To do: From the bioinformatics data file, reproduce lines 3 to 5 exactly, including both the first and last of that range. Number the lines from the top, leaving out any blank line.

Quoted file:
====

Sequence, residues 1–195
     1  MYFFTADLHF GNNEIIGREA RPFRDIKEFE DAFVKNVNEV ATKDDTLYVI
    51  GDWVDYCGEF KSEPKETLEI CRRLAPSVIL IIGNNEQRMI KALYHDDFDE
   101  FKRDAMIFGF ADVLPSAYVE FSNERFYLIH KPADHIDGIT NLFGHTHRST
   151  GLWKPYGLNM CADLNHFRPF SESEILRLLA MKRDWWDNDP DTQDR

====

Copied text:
    51  GDWVDYCGEF KSEPKETLEI CRRLAPSVIL IIGNNEQRMI KALYHDDFDE
   101  FKRDAMIFGF ADVLPSAYVE FSNERFYLIH KPADHIDGIT NLFGHTHRST
   151  GLWKPYGLNM CADLNHFRPF SESEILRLLA MKRDWWDNDP DTQDR